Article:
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Canine Cruciate Ligament Disease

Golden Retrieve running in grass field

People commonly rupture the anterior cruciate ligament (ACL). It is the most common orthopedic injury seen in dogs, but is more properly called the cranial cruciate ligament (CCL). In dogs, the injury is often a slow, progressive degeneration of the cruciate fibers as apposed to an acute traumatic injury seen in people. Dogs can have a combination of cruciate ligament degeneration, or partial and complete tears, hence the name “Cranial Cruciate Ligament Disease”.

The CCL is one of the most important stabilizers within the knee joint. The CCL runs in a diagonal direction connecting the femur (thigh) and tibia (shin) bones, within the knee joint. The meniscus is a cartilage like structure between the femur and tibia bones. Its function is to provide shock-absorption and cushioning to the joint. The meniscus can be also damaged when the CCL is damaged.

Illustration of the anatomy of the dog’s knee: Blue = cranial cruciate ligament; Red = meniscus; Green = caudal cruciate; the insert shows a ruptured cranial cruciate ligament (also note that the shinbone is displaced forward and is crushing the meniscus)


Cruciate ligament degeneration can be caused by a combination of factors including: age, obesity, conformation, physical condition, genetics and breed. Unfortunately 40%-60% of dogs that have cruciate disease in one knee will develop disease in the other knee. Partial cruciate tear is common, and most of the time will progress to a complete tear and possible meniscus damage.

Signs and Symptoms

  • Lameness (toe-touching or non-weight bearing)

  • Stiffness

  • Reluctance to jump/play

  • Difficulty rising

  • Trouble jumping into car

  • Muscle atrophy (decreased muscle mass)


Diagnosing a cruciate ligament injury in your pet is made through a combination of techniques. Gait analysis to watch your dog walk, palpation of your pet’s knee and x-rays. X-rays of the knee help to determine the degree of arthritis in your pet’s joint, to help plan for surgical correction as well as to rule out any other concurrent injuries.

Choosing which surgery is best for your pet

There are numerous surgical treatment options to correct a cruciate ligament tear. Variables we consider when making recommendations for treatment include pet’s age, size, activity level, degree of knee instability and affordability. We currently offer 2 main surgical treatments for CCL tears:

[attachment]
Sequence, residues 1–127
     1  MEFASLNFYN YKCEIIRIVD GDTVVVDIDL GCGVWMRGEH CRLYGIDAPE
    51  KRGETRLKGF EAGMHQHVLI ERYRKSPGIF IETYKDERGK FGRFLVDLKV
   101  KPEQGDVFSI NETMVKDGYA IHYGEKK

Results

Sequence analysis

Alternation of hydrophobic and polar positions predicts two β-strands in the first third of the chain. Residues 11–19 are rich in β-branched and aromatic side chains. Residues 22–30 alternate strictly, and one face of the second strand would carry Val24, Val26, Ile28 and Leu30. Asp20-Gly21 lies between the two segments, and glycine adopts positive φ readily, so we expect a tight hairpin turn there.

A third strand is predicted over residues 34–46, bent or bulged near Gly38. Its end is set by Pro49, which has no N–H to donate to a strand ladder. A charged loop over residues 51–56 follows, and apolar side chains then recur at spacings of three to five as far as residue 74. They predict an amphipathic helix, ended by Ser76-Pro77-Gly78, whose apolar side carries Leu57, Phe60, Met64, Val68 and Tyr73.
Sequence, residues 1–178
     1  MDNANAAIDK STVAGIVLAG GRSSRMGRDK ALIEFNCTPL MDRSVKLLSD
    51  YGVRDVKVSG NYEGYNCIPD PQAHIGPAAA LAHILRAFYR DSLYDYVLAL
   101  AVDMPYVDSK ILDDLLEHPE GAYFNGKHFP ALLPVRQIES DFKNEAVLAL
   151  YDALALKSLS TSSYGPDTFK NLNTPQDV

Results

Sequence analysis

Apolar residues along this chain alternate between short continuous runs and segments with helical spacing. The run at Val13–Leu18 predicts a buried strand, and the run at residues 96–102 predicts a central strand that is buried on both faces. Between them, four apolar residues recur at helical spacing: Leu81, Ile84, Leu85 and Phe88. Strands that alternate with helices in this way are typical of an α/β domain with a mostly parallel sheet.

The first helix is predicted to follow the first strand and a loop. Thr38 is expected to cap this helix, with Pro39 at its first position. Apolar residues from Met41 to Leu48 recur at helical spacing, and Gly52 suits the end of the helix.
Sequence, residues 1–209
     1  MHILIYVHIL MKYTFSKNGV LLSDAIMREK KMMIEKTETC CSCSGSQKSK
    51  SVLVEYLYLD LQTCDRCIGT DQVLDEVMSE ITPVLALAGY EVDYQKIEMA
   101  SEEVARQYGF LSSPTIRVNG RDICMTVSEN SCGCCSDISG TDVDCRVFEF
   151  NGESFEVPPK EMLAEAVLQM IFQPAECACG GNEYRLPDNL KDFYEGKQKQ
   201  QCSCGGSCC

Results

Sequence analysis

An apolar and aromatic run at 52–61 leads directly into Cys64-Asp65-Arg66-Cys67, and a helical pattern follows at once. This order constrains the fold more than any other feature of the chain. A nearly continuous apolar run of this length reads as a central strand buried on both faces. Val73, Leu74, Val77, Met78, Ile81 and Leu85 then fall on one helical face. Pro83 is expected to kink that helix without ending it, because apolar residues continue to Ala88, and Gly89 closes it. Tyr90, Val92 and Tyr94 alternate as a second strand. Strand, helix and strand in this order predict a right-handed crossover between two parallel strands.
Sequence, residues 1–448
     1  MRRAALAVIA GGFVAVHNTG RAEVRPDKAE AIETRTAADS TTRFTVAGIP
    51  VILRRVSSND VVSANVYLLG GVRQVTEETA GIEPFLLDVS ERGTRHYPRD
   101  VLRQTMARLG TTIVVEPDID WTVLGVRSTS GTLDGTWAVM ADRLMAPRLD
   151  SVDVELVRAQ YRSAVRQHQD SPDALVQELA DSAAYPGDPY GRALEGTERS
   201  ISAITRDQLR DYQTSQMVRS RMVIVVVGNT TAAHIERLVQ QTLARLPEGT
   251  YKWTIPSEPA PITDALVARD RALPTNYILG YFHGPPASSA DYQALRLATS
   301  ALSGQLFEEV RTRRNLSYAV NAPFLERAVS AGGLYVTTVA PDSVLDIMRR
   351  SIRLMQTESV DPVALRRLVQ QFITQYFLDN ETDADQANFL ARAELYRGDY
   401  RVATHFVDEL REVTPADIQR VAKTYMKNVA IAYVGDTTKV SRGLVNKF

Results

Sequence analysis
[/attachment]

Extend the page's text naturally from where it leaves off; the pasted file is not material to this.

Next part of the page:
Surgical Options

Extracapsular Repair (also called lateral fabellar suture stabilization and fishing line technique)

This is a traditional surgical technique used to replace the function of the cruciate ligament with a heavy nylon suture, placed around the knee joint in a similar orientation to the original cruciate ligament. The goal is for the nylon suture to provide stability around the joint until fibrous (scar) tissue forms and can provide additional stability. These techniques are ideal in pets less than 25 pounds. In larger and more active dogs, the repair outcome is less predictable. Postoperative care is critical to successful outcome and consists of 8 weeks of exercise restriction, followed by 4 weeks of a gradual return of activity.

Tibial Plateau Leveling Osteotomy (TPLO)

This surgery involves making a radial cut in the top of the tibia (shin bone) to change the contact point between the tibia and femur (thigh bone). The new orientation puts the stifle at a relatively stable position, independent of the deficient CCL. The cut in the bone is stabilized with a bone plate and screws. Postoperative care is critical to successful outcome and consists of 8 weeks of exercise restriction, followed by 4 weeks of a gradual return of activity.

Non-Surgical Options

Weight loss, Exercise Restriction and NSAIDS (anti-inflammatories)

This approach is not a treatment because it does not provide stability to the knee. This protocol may help alleviate inflammation in the joint somewhat. Overtime, the symptoms of lameness may resolve in some dogs, but with increasing activity, pain from progressive osteoarthritis will persist. This is not an ideal approach for most patients and successful outcome is rarely achieved.

Perioperative rehabilitation performed by a certified rehab practitioner can shorten recovery time. This is often not recommended instead of surgical correction, but in combination with one of the surgical modalities listed above.

There is little to no research available that custom braces or orthotics can improve the recovery of post-operative patients or can be recommended instead of surgical correction.


Many patients following surgery make a near complete recovery, and return to normal activity following the 12 week recovery period. Many of our patients return to work and have been used for agility and hunting. Pain related to arthritis may become evident as the patient ages but can often be managed with joint supplements, anti-inflammatories and weight management.